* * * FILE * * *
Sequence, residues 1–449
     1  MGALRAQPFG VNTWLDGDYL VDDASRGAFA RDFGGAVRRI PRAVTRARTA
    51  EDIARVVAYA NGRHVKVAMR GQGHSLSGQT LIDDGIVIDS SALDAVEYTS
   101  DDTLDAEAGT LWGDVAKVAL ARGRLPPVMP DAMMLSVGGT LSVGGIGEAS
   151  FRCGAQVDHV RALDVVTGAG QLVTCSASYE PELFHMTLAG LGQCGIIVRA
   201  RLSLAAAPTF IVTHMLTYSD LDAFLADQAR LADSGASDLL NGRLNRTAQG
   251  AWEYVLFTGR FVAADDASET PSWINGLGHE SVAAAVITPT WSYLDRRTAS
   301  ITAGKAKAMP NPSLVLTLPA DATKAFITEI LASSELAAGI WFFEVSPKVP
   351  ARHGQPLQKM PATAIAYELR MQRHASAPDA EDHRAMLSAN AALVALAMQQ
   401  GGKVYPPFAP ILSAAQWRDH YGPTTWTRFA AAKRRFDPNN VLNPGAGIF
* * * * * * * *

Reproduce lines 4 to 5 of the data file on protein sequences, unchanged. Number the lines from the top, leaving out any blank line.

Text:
   101  DDTLDAEAGT LWGDVAKVAL ARGRLPPVMP DAMMLSVGGT LSVGGIGEAS
   151  FRCGAQVDHV RALDVVTGAG QLVTCSASYE PELFHMTLAG LGQCGIIVRA